Few Trader Joe items don't incite intense loyalty among the devoted (except maybe the "fresh" produce). But even I was a little skeptical when my friend Karen told me about their croissants. As I pictured perfectly uniform and robotic crescents squished into plastic bags, Karen read my mind. "They come frozen," she said. "You leave them out overnight and then you bake them in the morning."
Eve M. Tai Your own private French bakery.
Bake them in the morning? In your own kitchen? Now that was clever. Unless you live close enough to Honore or Bakery Nouveau to scoot over in your bathrobe and scuffs, it's quite the trick to get a croissant fresh from the oven into your hot little hands. Even then, you miss out on the scent of baking croissants wafting through the house.
I should know better than to doubt Karen. She's one of those friends who shrouds her killer competence in a disarming softness. And she was right about these croissants. In a big way.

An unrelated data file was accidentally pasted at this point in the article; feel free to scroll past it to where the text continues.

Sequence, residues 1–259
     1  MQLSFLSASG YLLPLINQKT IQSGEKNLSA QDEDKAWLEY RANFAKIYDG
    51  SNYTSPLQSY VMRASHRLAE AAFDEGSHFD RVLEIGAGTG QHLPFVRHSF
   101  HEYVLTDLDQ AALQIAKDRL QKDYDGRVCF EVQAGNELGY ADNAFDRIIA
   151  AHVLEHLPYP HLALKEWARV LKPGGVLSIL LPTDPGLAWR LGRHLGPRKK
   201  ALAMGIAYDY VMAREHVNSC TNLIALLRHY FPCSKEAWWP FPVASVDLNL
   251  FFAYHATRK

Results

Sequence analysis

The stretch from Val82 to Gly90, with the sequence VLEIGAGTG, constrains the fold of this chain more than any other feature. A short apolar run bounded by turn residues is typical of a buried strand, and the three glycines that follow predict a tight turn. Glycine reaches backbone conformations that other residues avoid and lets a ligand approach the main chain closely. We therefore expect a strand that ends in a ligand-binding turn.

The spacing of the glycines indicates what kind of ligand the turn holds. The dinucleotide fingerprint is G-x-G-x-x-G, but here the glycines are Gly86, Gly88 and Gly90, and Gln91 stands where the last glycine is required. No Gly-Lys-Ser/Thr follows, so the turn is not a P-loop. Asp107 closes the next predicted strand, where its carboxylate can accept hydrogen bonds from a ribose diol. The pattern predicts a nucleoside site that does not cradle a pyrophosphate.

|Eve M. Tai|
|Not huge, but not exactly mini either.|
I pulled one apart to reveal soft, steaming skeins of dough. Eating one was like tasting buttery, yeasty heaven. You could dab a bit of marmalade on, but this croissant really doesn't need it any more than Sophia Loren needs more eyeliner. And it gets even better. Trader Joe's also carries Chocolate Croissants (four to a box). I won't even get into how that warm, oozing, melted chocolate will send your endorphins spiking.
Come fall and winter keep a supply of either the Mini or the Chocolate Croissants--or both--in your freezer, and you just might have to put away your lightbox.